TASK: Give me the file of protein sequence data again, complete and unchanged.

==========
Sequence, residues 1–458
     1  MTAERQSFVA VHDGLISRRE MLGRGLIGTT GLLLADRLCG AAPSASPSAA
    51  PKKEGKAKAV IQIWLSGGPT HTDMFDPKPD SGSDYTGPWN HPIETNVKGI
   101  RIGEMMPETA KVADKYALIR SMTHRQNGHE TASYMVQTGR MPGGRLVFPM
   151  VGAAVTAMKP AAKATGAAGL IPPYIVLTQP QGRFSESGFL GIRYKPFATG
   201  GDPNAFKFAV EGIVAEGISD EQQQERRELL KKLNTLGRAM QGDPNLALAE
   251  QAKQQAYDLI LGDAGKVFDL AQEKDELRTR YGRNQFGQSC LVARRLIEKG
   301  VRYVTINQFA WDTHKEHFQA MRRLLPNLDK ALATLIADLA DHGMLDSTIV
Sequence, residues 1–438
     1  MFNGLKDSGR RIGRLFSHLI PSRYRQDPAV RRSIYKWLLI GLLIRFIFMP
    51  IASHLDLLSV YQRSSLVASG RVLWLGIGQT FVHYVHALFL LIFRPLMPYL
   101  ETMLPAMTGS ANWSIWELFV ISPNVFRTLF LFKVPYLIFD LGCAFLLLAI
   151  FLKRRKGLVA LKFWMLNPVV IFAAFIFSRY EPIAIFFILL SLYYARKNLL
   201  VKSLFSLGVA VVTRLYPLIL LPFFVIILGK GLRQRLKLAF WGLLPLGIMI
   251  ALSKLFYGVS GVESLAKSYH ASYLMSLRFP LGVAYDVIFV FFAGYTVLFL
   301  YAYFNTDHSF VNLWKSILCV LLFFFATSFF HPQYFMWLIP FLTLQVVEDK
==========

Sequence, residues 1–458
     1  MTAERQSFVA VHDGLISRRE MLGRGLIGTT GLLLADRLCG AAPSASPSAA
    51  PKKEGKAKAV IQIWLSGGPT HTDMFDPKPD SGSDYTGPWN HPIETNVKGI
   101  RIGEMMPETA KVADKYALIR SMTHRQNGHE TASYMVQTGR MPGGRLVFPM
   151  VGAAVTAMKP AAKATGAAGL IPPYIVLTQP QGRFSESGFL GIRYKPFATG
   201  GDPNAFKFAV EGIVAEGISD EQQQERRELL KKLNTLGRAM QGDPNLALAE
   251  QAKQQAYDLI LGDAGKVFDL AQEKDELRTR YGRNQFGQSC LVARRLIEKG
   301  VRYVTINQFA WDTHKEHFQA MRRLLPNLDK ALATLIADLA DHGMLDSTIV
Sequence, residues 1–438
     1  MFNGLKDSGR RIGRLFSHLI PSRYRQDPAV RRSIYKWLLI GLLIRFIFMP
    51  IASHLDLLSV YQRSSLVASG RVLWLGIGQT FVHYVHALFL LIFRPLMPYL
   101  ETMLPAMTGS ANWSIWELFV ISPNVFRTLF LFKVPYLIFD LGCAFLLLAI
   151  FLKRRKGLVA LKFWMLNPVV IFAAFIFSRY EPIAIFFILL SLYYARKNLL
   201  VKSLFSLGVA VVTRLYPLIL LPFFVIILGK GLRQRLKLAF WGLLPLGIMI
   251  ALSKLFYGVS GVESLAKSYH ASYLMSLRFP LGVAYDVIFV FFAGYTVLFL
   301  YAYFNTDHSF VNLWKSILCV LLFFFATSFF HPQYFMWLIP FLTLQVVEDK